Sexual Violence Research Initiative (SVRI)

Why we need an initiative

Sexual violence is a profound human rights violation which has the potential to impact severely on the mental and physical health of survivors, both in the short term and over time. It is an epidemic fuelled by gender inequality and remains one of the least researched and understood forms of gender-based violence.

Research is critical in assisting us to strengthen existing intervention and prevention programmes for sexual violence and to develop new, more effective responses. The Sexual Violence Research Initiative (SVRI) was established to address this gap. The SVRI does this by building networks and capacity in research on sexual violence, sharing information and promoting evidence-based communication.

Creation of the initative

Since its earliest meeting in 1997, the Global Forum for Health Research has discussed violence against women and more specifically sexual violence, reflecting their concern both with the severe health risks consequent to such violence and the violations of human rights. The Global Forum recommended that a consultation be organized to bring together relevant partners to discuss the problem and plan for future action.

As a result, two conferences were held. The first consultative meeting on sexual violence was held in Melbourne in May 2000. At this meeting, which was attended by representatives from all regions of the world and several networks of organizations working on sexual violence, it was agreed that a global initiative on sexual violence research was urgently needed. Thus, the Sexual Violence Research Initiative began to take shape.

The Melbourne meeting resulted in the participants appointing a Coordinating Group to move the initiative forward. A listserv of participants and others was established and further discussions about the research agenda were held via an e-mail forum. These discussions were concluded in time for the International Conference on Health Research for Development in Bangkok in October 2000, where further meetings on the nature of the SVRI and its research priorities were organized and attended by over 60 delegates from many countries and regions.

With financial support from the World Bank through its contribution to the Global Forum for Health Research, the SVRI was formally established in 2004. The SVRI was initially hosted by the World Health Organization’s (WHO) Department of Gender and Women’s Health, before moving to the Medical Research Council’s Gender and Health Research Unit in South Africa in 2006.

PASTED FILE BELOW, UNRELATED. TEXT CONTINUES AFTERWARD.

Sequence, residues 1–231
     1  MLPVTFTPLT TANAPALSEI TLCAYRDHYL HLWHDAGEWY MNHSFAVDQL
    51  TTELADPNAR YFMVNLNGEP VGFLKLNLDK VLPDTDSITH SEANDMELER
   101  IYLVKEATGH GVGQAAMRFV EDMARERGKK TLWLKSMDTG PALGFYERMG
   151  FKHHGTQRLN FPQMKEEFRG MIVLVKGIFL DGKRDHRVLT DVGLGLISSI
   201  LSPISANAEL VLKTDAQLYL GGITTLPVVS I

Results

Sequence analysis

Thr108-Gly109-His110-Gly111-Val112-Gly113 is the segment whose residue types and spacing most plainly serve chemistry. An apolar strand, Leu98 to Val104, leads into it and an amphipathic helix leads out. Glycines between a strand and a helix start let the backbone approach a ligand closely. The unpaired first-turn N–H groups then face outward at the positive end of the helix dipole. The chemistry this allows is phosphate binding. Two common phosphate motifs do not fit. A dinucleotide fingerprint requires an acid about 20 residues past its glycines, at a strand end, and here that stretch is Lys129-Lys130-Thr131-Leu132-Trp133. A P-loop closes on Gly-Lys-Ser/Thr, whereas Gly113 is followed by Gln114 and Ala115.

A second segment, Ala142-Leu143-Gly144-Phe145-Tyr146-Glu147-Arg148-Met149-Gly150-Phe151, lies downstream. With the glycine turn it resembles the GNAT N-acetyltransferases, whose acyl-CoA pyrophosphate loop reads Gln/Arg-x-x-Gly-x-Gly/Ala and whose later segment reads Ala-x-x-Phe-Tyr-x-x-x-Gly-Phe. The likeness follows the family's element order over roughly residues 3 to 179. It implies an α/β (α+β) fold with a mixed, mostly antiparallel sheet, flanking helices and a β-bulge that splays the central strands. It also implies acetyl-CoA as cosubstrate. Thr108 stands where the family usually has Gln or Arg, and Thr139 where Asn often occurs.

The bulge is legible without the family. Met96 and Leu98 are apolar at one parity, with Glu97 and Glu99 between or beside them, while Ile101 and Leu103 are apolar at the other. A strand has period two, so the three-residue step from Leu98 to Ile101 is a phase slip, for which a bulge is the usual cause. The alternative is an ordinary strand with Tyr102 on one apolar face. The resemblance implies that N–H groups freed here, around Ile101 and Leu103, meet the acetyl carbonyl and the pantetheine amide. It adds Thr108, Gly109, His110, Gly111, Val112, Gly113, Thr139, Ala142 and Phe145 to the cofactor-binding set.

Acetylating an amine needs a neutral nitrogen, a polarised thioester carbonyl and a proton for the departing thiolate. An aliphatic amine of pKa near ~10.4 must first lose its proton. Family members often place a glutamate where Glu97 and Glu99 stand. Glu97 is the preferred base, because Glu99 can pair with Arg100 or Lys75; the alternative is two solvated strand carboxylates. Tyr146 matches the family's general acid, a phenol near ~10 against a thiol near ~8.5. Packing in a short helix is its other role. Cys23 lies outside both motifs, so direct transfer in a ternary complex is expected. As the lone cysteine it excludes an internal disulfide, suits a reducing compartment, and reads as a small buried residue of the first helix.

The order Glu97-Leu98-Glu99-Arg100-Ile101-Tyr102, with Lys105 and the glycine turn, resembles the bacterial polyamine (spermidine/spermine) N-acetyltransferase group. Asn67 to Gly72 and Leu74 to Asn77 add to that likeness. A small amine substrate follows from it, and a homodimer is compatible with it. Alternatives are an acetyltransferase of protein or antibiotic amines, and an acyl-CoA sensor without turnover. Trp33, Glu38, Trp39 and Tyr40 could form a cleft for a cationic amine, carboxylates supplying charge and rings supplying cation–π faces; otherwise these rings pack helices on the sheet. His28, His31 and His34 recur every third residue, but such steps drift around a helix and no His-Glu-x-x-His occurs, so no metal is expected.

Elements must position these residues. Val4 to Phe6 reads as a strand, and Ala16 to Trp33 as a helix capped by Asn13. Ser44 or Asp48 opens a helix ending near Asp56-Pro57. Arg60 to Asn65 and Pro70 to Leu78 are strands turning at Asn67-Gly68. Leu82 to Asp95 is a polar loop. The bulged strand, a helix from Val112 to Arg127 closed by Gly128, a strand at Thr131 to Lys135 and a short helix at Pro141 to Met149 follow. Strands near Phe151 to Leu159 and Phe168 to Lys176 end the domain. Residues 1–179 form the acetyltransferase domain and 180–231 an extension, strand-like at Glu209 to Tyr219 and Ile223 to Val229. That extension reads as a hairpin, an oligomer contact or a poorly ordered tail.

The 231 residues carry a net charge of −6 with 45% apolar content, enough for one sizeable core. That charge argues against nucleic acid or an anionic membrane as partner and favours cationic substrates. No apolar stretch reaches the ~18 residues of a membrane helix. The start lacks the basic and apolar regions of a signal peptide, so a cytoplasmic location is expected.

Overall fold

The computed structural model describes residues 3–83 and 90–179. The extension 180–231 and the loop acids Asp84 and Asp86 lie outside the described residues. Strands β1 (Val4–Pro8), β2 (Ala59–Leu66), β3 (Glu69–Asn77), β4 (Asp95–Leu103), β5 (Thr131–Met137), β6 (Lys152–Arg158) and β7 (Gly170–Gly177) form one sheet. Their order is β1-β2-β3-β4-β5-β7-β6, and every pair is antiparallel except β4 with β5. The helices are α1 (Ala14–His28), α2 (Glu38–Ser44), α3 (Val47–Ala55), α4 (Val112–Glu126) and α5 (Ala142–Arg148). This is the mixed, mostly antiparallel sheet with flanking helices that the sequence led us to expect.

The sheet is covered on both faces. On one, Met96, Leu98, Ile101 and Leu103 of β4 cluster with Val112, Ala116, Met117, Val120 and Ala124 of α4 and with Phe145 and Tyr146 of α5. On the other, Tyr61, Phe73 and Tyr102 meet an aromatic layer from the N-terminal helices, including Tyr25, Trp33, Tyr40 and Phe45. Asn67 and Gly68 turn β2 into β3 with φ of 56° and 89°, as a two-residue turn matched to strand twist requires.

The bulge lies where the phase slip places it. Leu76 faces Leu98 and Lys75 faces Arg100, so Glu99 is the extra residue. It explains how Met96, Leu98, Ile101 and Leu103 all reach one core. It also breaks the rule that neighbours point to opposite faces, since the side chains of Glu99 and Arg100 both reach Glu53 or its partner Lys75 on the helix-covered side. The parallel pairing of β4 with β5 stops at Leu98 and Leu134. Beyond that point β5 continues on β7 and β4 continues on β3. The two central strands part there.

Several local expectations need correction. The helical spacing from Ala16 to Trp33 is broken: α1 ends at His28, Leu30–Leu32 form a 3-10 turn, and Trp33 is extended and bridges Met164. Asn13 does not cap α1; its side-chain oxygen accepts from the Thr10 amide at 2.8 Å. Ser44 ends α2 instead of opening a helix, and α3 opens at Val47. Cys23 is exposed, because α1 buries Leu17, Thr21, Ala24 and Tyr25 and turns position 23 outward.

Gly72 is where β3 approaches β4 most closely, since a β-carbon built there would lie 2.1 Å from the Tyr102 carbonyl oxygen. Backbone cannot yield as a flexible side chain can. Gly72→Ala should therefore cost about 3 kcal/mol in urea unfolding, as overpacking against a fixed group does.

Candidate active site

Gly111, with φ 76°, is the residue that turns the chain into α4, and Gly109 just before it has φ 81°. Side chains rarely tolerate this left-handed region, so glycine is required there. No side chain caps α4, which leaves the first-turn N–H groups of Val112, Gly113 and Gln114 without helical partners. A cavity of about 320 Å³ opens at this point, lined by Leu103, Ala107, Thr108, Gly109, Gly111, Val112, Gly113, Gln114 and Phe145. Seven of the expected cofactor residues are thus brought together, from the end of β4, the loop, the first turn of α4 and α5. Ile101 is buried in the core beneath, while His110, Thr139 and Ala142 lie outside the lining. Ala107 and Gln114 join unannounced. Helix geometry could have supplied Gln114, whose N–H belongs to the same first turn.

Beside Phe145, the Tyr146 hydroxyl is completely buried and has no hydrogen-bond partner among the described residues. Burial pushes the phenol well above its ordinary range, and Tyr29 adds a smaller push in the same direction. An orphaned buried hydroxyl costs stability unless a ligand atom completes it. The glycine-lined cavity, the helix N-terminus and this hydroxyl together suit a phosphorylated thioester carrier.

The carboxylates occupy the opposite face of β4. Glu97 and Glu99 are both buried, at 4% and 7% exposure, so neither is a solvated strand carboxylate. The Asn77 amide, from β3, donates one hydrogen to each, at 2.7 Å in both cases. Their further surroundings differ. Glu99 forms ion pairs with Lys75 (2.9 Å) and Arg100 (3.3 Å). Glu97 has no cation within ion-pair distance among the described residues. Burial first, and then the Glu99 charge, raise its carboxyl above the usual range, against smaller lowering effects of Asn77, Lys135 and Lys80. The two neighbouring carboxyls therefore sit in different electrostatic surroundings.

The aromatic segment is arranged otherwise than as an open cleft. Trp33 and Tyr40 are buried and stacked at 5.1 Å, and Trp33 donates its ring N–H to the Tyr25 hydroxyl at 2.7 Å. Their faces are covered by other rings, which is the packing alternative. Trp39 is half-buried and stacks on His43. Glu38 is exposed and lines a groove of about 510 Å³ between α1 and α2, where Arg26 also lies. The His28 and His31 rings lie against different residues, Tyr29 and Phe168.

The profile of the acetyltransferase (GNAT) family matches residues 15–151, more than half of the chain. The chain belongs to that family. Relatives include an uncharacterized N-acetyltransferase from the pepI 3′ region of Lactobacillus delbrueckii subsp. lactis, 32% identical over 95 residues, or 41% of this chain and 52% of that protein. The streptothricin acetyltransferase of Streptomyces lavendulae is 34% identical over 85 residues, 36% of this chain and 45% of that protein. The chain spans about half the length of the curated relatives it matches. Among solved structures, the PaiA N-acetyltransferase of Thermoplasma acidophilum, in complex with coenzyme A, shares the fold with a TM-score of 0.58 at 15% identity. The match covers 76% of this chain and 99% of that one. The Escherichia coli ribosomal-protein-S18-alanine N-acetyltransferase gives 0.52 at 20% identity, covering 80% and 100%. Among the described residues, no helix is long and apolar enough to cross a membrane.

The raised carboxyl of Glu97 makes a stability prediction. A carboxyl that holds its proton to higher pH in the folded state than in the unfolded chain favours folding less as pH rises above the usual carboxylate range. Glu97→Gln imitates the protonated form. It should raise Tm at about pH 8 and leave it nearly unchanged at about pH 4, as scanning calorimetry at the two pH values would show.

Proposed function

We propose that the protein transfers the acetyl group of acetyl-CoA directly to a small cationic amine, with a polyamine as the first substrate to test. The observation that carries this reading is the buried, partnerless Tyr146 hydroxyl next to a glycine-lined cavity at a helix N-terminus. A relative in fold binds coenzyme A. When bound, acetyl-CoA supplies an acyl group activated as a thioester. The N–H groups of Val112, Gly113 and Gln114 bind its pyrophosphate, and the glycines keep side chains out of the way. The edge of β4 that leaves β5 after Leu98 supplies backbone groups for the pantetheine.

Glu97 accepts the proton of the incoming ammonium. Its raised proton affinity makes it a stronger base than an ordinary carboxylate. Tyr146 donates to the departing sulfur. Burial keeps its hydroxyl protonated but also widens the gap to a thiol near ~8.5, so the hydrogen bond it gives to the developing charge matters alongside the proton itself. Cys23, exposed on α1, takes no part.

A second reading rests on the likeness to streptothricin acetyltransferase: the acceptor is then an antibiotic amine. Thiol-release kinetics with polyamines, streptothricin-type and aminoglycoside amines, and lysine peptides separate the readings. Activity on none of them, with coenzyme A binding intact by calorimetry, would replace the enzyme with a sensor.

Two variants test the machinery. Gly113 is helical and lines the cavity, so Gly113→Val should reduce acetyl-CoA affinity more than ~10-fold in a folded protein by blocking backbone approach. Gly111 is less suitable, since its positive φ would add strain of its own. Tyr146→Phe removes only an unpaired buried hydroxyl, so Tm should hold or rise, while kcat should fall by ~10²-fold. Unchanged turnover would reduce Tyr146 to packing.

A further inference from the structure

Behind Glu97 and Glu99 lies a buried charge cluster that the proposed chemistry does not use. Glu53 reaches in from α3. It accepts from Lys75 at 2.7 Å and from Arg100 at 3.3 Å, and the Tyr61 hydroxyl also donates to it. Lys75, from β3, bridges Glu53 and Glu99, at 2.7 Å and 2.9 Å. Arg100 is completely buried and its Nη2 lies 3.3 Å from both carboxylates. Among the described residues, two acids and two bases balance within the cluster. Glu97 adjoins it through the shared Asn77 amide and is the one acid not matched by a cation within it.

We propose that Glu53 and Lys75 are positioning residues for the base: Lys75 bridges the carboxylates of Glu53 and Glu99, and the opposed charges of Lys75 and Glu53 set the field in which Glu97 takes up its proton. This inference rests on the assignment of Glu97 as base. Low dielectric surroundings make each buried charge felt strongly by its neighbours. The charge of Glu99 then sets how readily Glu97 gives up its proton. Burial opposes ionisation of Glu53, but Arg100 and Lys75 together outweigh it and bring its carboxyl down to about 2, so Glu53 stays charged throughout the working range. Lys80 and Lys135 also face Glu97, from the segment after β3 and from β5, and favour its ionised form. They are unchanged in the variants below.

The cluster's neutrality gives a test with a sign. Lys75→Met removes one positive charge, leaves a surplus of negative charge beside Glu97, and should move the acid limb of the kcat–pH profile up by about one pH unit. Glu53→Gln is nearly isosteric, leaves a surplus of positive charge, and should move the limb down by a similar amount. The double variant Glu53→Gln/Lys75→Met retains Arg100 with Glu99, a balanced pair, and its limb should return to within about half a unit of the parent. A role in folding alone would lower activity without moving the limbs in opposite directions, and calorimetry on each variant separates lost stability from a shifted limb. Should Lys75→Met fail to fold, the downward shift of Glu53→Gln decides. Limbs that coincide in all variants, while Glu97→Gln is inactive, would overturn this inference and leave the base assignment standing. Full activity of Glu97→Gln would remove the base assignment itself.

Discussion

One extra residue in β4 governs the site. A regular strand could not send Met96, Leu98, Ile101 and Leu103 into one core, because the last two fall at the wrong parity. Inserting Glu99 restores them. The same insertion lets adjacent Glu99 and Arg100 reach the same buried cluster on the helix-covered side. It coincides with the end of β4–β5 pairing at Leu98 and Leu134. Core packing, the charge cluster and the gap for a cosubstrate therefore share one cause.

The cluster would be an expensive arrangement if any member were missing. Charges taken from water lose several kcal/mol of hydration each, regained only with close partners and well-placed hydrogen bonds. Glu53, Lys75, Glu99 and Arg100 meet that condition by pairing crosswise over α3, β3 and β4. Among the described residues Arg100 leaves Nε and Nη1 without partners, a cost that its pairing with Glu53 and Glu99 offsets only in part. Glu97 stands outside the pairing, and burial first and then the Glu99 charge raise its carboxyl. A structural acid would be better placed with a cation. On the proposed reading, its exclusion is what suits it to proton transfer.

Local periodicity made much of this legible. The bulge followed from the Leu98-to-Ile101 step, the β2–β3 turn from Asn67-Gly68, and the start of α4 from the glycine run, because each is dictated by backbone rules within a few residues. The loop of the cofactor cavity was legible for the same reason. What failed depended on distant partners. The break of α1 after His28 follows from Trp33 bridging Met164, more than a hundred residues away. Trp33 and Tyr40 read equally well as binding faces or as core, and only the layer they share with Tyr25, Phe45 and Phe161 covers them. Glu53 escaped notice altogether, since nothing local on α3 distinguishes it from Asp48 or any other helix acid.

SVRI today

The SVRI contributes to eliminating sexual violence by simultaneously addressing the lack of research on the different aspects of sexual violence as well as drawing the attention of a wide range of people, including policy-makers and the media, to this important public health and human rights issue. SVRI is building an experienced and committed network of researchers, policy-makers, activists and donors who ensure that the many dimensions of sexual violence are addressed from the perspective of different disciplines and with a multi-cultural outlook. Its central function is to strengthen the research skills of its members and web site users, and their capacity to undertake meaningful, policy and advocacy relevant research. It is achieving this in a number of ways but, most notably by:

  • developing an interactive web site on sexual violence research ( www.svri.org) which includes country pages, tools, measuring instruments, funding information, links and other resources on sexual violence;
  • creating a network of experienced and committed researchers, policy-makers, activists and donors via the SVRI listserv;
  • building and strengthening the evidence base for sexual violence research by calling for proposals, providing technical assistance, forging partnerships, publicising research priorities and promoting sexual violence as a key focal area among donors; and
  • building capacity for research on sexual violence through workshops, conferences and meetings.

To join the SVRI, click here or email to: svri@mrc.ac.za